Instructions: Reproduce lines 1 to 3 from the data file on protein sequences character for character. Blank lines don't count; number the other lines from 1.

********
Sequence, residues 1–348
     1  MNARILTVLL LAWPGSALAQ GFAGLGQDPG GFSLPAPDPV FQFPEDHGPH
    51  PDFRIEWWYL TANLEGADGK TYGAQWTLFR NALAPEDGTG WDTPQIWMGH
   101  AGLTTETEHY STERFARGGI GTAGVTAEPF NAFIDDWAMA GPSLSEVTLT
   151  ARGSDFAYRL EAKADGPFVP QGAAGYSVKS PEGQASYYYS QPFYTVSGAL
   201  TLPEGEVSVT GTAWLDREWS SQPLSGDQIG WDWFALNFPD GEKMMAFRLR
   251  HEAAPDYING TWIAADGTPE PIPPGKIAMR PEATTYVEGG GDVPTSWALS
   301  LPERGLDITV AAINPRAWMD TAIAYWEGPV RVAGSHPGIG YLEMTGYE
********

Sequence, residues 1–348
     1  MNARILTVLL LAWPGSALAQ GFAGLGQDPG GFSLPAPDPV FQFPEDHGPH
    51  PDFRIEWWYL TANLEGADGK TYGAQWTLFR NALAPEDGTG WDTPQIWMGH